- Hébert, S., Racette, A., Gagnon, L., & Peretz, I. (2003). Revisiting the dissociation between singing and speaking in expressive aphasia. Brain, 126(8), 1838–1850. doi:10.1093/brain/awg186
- Racette, A., Bard, C., & Peretz, I. (2006). Making non-fluent aphasics speak: sing along! Brain, 129(10), 2571–2584. doi:10.1093/brain/awl250
- Jeffries, K. J., Fritz, J. B., & Braun, a R. (2003). Words in melody: an H(2)15O PET study of brain activation during singing and speaking. Neuroreport, 14(5), 749–754. doi:10.1097/01.wnr.0000066198.94941.a4
- Ozdemir, E., Norton, A., & Schlaug, G. (2006). Shared and distinct neural correlates of singing and speaking. NeuroImage, 33(2), 628–635. doi:10.1016/j.neuroimage.2006.07.013
- Callan, D. E., Tsytsarev, V., Hanakawa, T., Callan, A. M., Katsuhara, M., Fukuyama, H., & Turner, R. (2006). Song and speech: brain regions involved with perception and covert production. NeuroImage, 31(3), 1327–1342. doi:10.1016/j.neuroimage.2006.01.036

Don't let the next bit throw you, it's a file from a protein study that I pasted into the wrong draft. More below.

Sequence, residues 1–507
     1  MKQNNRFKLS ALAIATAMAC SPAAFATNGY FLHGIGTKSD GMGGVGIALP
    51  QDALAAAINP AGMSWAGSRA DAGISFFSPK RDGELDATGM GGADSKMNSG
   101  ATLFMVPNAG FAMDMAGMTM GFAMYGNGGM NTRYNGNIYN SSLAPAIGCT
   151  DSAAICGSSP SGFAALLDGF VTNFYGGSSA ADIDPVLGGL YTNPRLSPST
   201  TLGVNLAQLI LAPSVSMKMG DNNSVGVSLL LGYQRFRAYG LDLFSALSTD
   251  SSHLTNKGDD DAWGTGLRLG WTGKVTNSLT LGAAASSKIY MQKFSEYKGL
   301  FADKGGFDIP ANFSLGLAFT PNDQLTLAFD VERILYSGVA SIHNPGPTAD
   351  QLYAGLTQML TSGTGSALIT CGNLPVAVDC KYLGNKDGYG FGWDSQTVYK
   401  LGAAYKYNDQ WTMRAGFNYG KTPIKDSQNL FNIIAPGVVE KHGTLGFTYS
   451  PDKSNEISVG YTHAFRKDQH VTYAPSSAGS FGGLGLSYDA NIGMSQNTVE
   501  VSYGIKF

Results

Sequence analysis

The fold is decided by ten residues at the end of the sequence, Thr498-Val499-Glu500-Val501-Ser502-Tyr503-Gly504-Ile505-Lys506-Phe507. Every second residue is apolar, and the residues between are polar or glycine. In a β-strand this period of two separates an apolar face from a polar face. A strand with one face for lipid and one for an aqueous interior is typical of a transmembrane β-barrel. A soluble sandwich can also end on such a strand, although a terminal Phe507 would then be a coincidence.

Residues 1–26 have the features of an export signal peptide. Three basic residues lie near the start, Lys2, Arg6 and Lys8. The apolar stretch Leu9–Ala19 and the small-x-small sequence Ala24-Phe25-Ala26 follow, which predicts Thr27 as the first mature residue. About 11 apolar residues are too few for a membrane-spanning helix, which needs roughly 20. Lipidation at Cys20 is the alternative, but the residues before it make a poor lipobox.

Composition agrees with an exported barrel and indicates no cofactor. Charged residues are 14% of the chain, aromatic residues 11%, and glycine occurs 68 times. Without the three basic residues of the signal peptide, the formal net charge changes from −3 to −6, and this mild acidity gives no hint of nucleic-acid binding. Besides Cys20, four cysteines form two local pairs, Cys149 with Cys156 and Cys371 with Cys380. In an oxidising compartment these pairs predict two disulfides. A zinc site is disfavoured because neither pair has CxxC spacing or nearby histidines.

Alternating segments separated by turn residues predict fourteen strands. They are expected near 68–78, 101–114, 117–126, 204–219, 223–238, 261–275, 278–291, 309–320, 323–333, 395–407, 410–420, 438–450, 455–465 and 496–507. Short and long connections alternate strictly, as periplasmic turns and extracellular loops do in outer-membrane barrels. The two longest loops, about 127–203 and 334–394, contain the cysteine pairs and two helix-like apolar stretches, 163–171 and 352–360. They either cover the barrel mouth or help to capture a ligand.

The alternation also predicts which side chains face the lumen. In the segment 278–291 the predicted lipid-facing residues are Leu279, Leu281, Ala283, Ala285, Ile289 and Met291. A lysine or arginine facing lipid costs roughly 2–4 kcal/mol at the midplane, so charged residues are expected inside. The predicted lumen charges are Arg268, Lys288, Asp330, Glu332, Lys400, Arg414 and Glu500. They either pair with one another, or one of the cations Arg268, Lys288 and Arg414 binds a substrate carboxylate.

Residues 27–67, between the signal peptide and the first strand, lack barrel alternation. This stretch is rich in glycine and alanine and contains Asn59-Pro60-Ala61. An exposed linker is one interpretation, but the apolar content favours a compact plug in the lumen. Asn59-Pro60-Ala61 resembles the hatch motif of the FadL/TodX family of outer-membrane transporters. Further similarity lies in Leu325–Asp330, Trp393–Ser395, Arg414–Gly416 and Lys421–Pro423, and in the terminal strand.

- Zipse, L., Norton, a, Marchina, S., & Schlaug, G. (2009). Singing versus Speaking in Nonfluent Aphasia. NeuroImage, 47, S119. doi:10.1016/S1053-8119(09)71121-8
- Schlaug, G., Norton, A., & Marchina, S. (2010). From singing to speaking: facilitating recovery from nonfluent aphasia. Future Neurology, 5(5), 657–665. Retrieved from http://www.futuremedicine.com/doi/abs/10.2217/fnl.10.44
- Belin, P., Zilbovicius, M., Remy, P., Francois, C., Guillaume, S., Chain, F., Samson, Y. (1996). Recovery from nonfluent aphasia after melodic intonation therapy: A PET study. Neurology, 47(6), 1504–1511. doi:10.1212/WNL.47.6.1504